Introduction

For individuals who have never trained using weights before the prospect of starting can be quite intimidating. Not knowing what exercises to do for what muscle group or not knowing how long to train and how often are common reasons why people will never even start. This guide provides gym exercises for beginners and with the natural progression of this plan it can also be useful for intermediate gym users alike. With an easy to follow plan the guide can be a useful tool to get you started.

Common problems that influence your progress

The most common gripe that individuals have when it comes to weight training are usually along the lines of “why aren’t my muscles getting bigger?” or “why am I not seeing any progress?” This lack of progress could be down to a number of factors. The main ones are listed below and along with it a snippet of advice that might help overcome these issues.

Diet- calories and macronutrients

In simple terms calories are the units of energy that are stored in food and when consumed can release energy for movement. If we consume more calories than the body needs then we put on weight, if we consume less than the body needs we lose weight. When we exercise e.g. weight training, calories are burned not only for muscle contraction during the session but also used in the repairing process through consuming macronutrients made up of carbohydrates fats and proteins. If during the period of following a training programme you do not consume enough calories through a good balance of these macronutrients, you will struggle to gain muscle mass and therefore will not see a difference in body shape.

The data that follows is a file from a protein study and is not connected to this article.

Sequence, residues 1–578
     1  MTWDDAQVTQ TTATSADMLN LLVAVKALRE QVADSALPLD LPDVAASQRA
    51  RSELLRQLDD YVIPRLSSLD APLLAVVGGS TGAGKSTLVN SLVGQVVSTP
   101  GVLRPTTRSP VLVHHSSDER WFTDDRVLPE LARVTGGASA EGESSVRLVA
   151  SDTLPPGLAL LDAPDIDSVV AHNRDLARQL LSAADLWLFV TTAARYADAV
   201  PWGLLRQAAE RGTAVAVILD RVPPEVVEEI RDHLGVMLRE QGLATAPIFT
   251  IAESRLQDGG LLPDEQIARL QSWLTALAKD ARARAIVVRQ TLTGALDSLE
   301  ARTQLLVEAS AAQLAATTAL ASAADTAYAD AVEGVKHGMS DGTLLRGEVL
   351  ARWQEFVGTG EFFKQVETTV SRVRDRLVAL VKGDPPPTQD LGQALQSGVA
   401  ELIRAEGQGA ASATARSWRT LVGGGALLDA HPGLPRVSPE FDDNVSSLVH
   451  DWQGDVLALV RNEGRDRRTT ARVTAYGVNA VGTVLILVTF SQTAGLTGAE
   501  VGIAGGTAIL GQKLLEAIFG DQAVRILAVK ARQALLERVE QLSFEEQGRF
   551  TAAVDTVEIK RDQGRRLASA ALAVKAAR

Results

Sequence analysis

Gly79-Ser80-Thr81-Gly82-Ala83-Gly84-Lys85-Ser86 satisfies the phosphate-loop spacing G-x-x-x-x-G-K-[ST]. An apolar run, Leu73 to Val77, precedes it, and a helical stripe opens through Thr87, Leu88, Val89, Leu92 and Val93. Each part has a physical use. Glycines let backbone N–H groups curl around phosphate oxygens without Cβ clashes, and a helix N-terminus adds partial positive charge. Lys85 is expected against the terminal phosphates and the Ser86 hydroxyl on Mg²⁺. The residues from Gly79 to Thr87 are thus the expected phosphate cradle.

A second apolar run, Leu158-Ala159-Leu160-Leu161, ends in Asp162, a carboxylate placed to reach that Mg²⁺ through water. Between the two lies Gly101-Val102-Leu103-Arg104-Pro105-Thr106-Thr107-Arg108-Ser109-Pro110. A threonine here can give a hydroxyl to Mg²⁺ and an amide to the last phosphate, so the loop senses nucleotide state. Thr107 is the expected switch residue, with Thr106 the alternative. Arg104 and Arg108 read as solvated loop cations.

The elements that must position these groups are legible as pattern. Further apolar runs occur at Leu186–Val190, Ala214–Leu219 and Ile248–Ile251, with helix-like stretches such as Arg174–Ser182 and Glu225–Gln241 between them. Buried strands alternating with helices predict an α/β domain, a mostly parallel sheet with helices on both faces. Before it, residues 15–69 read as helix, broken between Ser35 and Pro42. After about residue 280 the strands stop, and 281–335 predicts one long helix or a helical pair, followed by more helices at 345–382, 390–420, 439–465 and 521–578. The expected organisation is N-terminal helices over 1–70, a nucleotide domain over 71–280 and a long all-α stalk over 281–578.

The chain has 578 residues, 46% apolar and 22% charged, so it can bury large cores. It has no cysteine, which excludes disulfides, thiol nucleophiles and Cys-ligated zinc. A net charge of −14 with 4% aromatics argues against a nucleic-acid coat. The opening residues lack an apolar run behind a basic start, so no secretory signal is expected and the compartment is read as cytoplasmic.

As mentioned above Macronutrients are made up of carbohydrates fats and proteins and their role within the body varies:

Carbohydrate- The body’s primary energy source- and building new muscle requires surplus energy. Having more energy (consuming more calories) than your body uses is a key factor when it comes to building muscle. Carbohydrates are stored in the liver and also in the muscles therefore you can see how it can help build muscle. However consuming too much carbohydrate when not training can result in this excess carbohydrate converting to fat and therefore leads to weight gain.

Fats- Fats are extremely important for various bodily functions including the production of hormones in particular testosterone which is a hormone that can help with the muscle building process. Fats have an energy density of 9 calories per gram so also play an important role when it comes to fuelling our body for exercise.

Protein- Protein is used to repair, maintain and build muscle. If you are wanting to build muscle through weight training it is essential that you are consuming the right balance of protein as part of your diet.

It can be quite difficult to get a perfect balance of these macronutrients in order to build and maintain muscle; however the table below may give you an indication of the amount of calories and macronutrients you should be consuming in order to build muscle. The example below is based on healthy individuals and the calories and macronutrients they would need to start building muscle based on their weight.

Your weight (kg)

Daily Total (kcal) Protein (grams) Fats (grams)

Carbohydrates (grams)

50

1750 150 39

200

55

1910 165 42

217

60

2070 180 46

234

65

2240 195 50

253

70

2400 210 53

270

75

2560 225 57

287

80

2720 240 60

304

85

2880 255 64

321

90

3050 270 68

340

 

Training- intensity and frequency- As with anything in life the more consistent you are and the more you do something the better you get. Weight training is no different. It is important to stick with a plan and always work as hard as you can during these sessions. By doing this you will become more confident and will feel better about yourself and your training.